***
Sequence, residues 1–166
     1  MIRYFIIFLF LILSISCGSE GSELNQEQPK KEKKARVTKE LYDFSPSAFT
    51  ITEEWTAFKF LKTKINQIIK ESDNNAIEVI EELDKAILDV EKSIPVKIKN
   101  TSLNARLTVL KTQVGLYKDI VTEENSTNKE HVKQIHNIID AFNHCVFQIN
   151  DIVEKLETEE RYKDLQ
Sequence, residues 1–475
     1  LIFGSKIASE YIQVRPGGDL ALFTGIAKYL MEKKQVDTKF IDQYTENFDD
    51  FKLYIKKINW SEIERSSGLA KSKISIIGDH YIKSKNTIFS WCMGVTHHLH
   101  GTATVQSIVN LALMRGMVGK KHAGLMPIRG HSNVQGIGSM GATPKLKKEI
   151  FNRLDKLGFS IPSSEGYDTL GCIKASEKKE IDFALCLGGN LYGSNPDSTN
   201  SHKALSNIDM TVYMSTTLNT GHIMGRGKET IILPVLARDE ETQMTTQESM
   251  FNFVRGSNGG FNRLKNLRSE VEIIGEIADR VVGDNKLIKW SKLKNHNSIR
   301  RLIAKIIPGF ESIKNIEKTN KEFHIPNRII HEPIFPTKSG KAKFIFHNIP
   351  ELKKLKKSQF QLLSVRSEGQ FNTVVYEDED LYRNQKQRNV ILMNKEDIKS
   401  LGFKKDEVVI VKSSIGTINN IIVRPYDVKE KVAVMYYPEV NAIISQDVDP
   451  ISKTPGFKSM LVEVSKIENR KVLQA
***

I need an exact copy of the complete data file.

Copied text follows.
Sequence, residues 1–166
     1  MIRYFIIFLF LILSISCGSE GSELNQEQPK KEKKARVTKE LYDFSPSAFT
    51  ITEEWTAFKF LKTKINQIIK ESDNNAIEVI EELDKAILDV EKSIPVKIKN
   101  TSLNARLTVL KTQVGLYKDI VTEENSTNKE HVKQIHNIID AFNHCVFQIN
   151  DIVEKLETEE RYKDLQ
Sequence, residues 1–475
     1  LIFGSKIASE YIQVRPGGDL ALFTGIAKYL MEKKQVDTKF IDQYTENFDD
    51  FKLYIKKINW SEIERSSGLA KSKISIIGDH YIKSKNTIFS WCMGVTHHLH
   101  GTATVQSIVN LALMRGMVGK KHAGLMPIRG HSNVQGIGSM GATPKLKKEI
   151  FNRLDKLGFS IPSSEGYDTL GCIKASEKKE IDFALCLGGN LYGSNPDSTN
   201  SHKALSNIDM TVYMSTTLNT GHIMGRGKET IILPVLARDE ETQMTTQESM
   251  FNFVRGSNGG FNRLKNLRSE VEIIGEIADR VVGDNKLIKW SKLKNHNSIR
   301  RLIAKIIPGF ESIKNIEKTN KEFHIPNRII HEPIFPTKSG KAKFIFHNIP
   351  ELKKLKKSQF QLLSVRSEGQ FNTVVYEDED LYRNQKQRNV ILMNKEDIKS
   401  LGFKKDEVVI VKSSIGTINN IIVRPYDVKE KVAVMYYPEV NAIISQDVDP
   451  ISKTPGFKSM LVEVSKIENR KVLQA